Monday, November 8, 2010

building relationships through transparency

Wow I've been neglecting my blog. This has definitely been my toughest semester so far. BUT excuses aside, I plan for the rest of the semester to be much more active, especially as we start to wrap up everything for the semester, like the Safe Harbor video and the Pepsi Refresh project. But first, I'm going to talk about the book. This week's readings dealt with, as my title says, building relationships through transparency, an idea that is just now starting to catch on among non-profits.

I'll start off with one of my favorite statements from chapter 5, "Listening helps you be less of a spammer and more of a service provider." Now this I like, I mean, who likes spam? I've signed up for plenty of mailing lists, only to get annoyed by the daily e-mails that don't even apply to me. I've set up an entire email just for things like that and it has become my default email to give to companies/organization, basically used for anything that's not personal or school-related. About once a week, I'll go through it and basically delete all of them. Seriously, it's a horrible task. Ok, so that rant has a point, I promise. I think if more organizations listened to their consumers/supporters/whatevers, all forms of communication would be streamlined, improved and more efficient. Of course, listening isn't the only step. You then have to use the information you get from listening and apply it, so you can effectively engage with your public. An organization must engage with everyone, even their critics. The book makes a special point about talking with critics. Listening and engaging with critics provides two great advantages to an organization:
1. You can hear criticism and fix the problems within your organization that are most important to the public.
2. You can explain and give further information to clarify problems that critics have. If you don't respond and just leave the criticism out there, that's hurting your organization. However, if you respond with a thoughtful, concerned answer, people will usually have more respect because it shows you care. Then the discussion begins.

Here's another pretty important concept: being able to lose control. No one likes to lose control, especially when it comes to an issue or cause that one is passionate about. Because of new technologies, the "power is being pushed to the edges." The public has more control now; it's not just the CEO of a company who controls the outcome of an organization's efforts. There is a forum for everyone to get their opinions out and control their own efforts. This doesn't mean that an organization should put in no effort to create well thought-out messages, it just has to understand that the public and other organizations have their own messages and efforts too. The good thing is, most of the time these other messages and plans will help a cause or effort, rather than hurting it. Even if your messages are exactly the same, if everyone is working toward the same goal, it's a good thing.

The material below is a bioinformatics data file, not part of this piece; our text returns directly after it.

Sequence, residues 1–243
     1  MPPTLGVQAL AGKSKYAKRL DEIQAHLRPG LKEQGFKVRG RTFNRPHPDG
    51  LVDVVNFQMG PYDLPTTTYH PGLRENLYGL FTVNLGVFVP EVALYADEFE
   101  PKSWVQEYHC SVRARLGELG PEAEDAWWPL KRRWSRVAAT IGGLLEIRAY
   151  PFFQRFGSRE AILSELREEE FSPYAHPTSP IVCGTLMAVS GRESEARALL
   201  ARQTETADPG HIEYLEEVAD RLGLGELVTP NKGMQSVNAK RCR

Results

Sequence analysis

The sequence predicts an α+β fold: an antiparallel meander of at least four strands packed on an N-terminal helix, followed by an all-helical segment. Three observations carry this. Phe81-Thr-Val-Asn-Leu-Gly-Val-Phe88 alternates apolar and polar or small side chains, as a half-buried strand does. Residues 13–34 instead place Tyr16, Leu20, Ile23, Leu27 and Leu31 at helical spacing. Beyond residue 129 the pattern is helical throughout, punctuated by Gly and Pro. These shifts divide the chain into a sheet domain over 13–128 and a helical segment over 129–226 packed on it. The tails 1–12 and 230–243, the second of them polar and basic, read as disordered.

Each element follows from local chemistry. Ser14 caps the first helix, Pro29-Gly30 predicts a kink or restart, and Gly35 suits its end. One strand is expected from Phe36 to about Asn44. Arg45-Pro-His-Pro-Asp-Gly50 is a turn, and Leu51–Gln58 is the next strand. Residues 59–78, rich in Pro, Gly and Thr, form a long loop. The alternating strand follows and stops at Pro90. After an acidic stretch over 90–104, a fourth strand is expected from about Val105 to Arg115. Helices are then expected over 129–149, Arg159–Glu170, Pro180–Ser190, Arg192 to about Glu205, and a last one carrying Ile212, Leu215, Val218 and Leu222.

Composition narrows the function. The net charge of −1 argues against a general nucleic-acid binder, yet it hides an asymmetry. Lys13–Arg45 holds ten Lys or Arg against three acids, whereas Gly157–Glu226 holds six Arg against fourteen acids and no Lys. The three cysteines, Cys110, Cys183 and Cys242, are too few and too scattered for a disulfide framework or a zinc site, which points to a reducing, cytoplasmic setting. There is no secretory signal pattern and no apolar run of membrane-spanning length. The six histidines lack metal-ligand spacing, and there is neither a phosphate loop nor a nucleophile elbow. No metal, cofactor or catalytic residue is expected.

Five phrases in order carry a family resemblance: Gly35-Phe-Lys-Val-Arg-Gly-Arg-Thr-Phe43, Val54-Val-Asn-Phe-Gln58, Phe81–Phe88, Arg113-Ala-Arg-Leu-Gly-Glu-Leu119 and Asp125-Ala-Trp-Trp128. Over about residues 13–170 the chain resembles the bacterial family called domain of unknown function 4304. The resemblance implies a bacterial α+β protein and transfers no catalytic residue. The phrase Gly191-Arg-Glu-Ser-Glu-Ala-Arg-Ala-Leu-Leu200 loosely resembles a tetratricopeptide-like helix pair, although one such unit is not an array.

The next chapter continues with these ideas of relationship building by discussing one important aspect of building a relationship: transparency. You can have relationships with your publics without transparency but they won't be as meaningful and therefore your publics may not be as interested in helping your cause. The very first thing mentioned in Chapter 7 is the dashboard. I'll admit, I had never heard of these before but they sound really cool. Having all of that information in one place, in an easy-to-navigate table makes it easy for people to understand how the organization work and what problems/successes they are having.

This chapter emphasizes trust; however, it is not only referring to building trust within publics but it also states that for trust to build in publics, the organization must trust that people "on the outside" mean well. I think this is a key point (and so does the book). If an organization thinks everyone is out to get it, it'll never let its guard down enough for anyone to help.

The last points made by this chapter are on how to apply these ideas of transparency to the way an organization works. In referring to "publicness" (a word I quite like, I might add), author and blogger Jeff Jarvis (in the book) has this to say: "The more public you are, the easier you can be found, the more opportunities you have." For a non-profit organization, this is absolutely key. I mean, it's important for all types of companies but for-profit companies can afford to be underground while not-for-profit organizations need all the "publicness" it can get to reach its audiences and have an impact. This publicness can be achieved through letting an organization's information out into the public domaine (all information! - not just the good stuff like how much money was donated), being easily found on search engines and having a presence on social networking sites.

Transparency must be found inside and out of an organization. That is, an organization has to share this information (and one could argue even more) with its employees. Creating trust among employees is equally (again, one could argue even more) important in the success of an organization. As we've learned from day one in PR classes, happy, enthusiastic employees equals happy, enthusiastic publics. Problems with employees can seep out to "the edges" of an organization. Besides, internal relations is the place to start to achieve transparency. Start the conversation inside, share it with the outside, and then engage the inside and the outside together.

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